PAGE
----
pump-gas-nozzleeditors-blog-entry3If you’ve been following the news lately, you might have noticed a slew of stories focused on how consumer spending is up in the U.S. and how much of this increase is due to higher gas prices.

For instance, the Associated Press (AP) began a recent story about gas costs devouring the savings of lower taxes with the following lead:

“Americans are earning and spending more, but a lot of the extra money is going down their gas tanks. Gas prices have drained more than half the extra cash Americans are getting this year from a cut in Social Security taxes.”

And, if you’re thinking, “Well, at least that money is growing the American economy,” you’re wrong.

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More from the same AP story:

“Unlike some other kinds of spending, paying more for gas doesn’t help the U.S. economy much. Much of the money goes abroad…”

Higher gas prices, less money for U.S. economy
So, let’s see. Here’s what a gasoline car gets you these days: Higher gas prices, less money for you and less money for the American economy.

Maybe that’s what you’re into. After all, there are plenty of anti-plug-in vehicle folks out there who apparently love to fork over money to Big Oil and to Foreign Oil, all the while having less money for themselves, not to mention the American economy.

leaf-ugly-frontIn fact, a lot of these folks – you can find them in virtually any comments stream below an online article about electric cars — claim to be the most patriotic Americans ever.

And, who knows, maybe they are.

Of course, I sure can’t figure out what’s so patriotic about paying more at the pump, sending a lot of that money overseas, and being constantly held hostage to oil prices, although maybe the “sacrifice” thing makes this all “patriotic” — even if this sacrifice is rather backward in this case.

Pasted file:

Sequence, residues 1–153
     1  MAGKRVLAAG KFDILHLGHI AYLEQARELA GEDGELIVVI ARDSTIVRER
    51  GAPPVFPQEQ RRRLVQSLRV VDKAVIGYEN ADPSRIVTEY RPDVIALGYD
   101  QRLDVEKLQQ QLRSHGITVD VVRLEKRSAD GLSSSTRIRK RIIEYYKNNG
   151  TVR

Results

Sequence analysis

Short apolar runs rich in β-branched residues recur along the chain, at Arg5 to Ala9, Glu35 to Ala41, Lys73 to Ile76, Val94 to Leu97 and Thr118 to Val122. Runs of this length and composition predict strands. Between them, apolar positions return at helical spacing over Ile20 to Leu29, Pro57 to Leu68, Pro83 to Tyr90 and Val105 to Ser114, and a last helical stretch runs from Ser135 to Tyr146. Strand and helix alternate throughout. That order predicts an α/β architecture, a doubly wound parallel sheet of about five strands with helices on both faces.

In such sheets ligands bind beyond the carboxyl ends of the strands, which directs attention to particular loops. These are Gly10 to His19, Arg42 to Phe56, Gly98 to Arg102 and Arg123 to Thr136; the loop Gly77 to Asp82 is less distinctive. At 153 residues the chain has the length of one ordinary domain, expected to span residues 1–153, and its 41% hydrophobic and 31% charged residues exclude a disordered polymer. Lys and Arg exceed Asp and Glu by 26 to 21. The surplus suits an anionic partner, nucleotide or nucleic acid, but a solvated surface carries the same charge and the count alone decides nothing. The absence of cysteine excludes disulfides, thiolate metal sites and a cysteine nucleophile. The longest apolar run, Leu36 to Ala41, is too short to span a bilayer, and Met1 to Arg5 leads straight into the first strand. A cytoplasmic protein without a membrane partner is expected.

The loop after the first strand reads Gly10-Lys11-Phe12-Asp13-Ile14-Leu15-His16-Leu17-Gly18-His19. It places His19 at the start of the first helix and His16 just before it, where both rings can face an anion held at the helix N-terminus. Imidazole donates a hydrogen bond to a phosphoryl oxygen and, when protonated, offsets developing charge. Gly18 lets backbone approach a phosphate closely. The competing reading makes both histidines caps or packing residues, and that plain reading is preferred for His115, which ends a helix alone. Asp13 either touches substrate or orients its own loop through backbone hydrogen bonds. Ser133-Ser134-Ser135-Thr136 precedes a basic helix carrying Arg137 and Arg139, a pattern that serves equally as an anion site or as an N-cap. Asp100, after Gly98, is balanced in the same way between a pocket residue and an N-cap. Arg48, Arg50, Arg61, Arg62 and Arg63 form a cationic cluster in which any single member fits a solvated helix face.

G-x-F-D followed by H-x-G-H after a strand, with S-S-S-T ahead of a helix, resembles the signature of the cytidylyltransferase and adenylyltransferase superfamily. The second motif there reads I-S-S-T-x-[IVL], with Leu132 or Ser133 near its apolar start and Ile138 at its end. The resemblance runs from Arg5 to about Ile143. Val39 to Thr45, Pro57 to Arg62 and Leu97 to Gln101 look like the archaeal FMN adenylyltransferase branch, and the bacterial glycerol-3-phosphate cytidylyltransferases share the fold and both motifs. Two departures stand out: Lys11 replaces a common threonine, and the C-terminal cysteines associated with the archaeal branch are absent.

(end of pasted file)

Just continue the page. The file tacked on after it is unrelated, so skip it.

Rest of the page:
A better way
In any case, there is a better, less frustrating way, a way to escape being held hostage to wildly fluctuating, and, for now at least, rapidly rising gas prices – in some parts of California, gasoline, now at $4 per gallon, is a full $1 a gallon more than it was one year ago, a whopping 33 percent increase for those of you interested in the math.

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That better way: Go out and get yourself a plug-in vehicle such as a Nissan LEAF or a Chevy Volt.

Yes, they’ll cost you more up front than a gasoline car, although in some places your after Federal tax credit and state tax credit costs for a LEAF could be less than $20,000, or $5,000 less than the price of a Honda Accord. But chances are you’ll save money in the long run (see table below). And, of course, you’ll get the satisfaction of saying goodbye to that feeling of being held hostage to something essentially completely beyond your control: Rising oil prices.

Doing the math: EV vs. ICE, one example
Nissan LEAF vs. Nissan Versa

It’s important to note that the estimate below looks solely at fueling cost differentials and does not include potentially significant savings the LEAF might offer in terms of lower maintenance costs. Nor does it account for rising gasoline or electricity prices over time. Finally, it’s important to note that we picked the bottom-of-the-line, bare-bones Versa as a comparison vehicle.

Nissan LEAF (base model)

Nissan Versa (1.6 liter, 5-speed manual base model)

Purchase Cost

MSRP $32,780
– $7,500 federal tax credit
– $6,000 Colorado tax credit
= $19,280

MSRP $11,170

Annual fueling costs /15,000 miles per year, 10 years

$4,710 –>$471 x 10 years

( $.11 per kWh, 3.5 miles per kWh)

$17,000 –>$1,700 x 10 years

($3.40 per gallon, 30 mpg)

Purchase cost + 10 years of fueling =

$23,990

$28,170

Total comparative costs

+ $4,180

– 4,180

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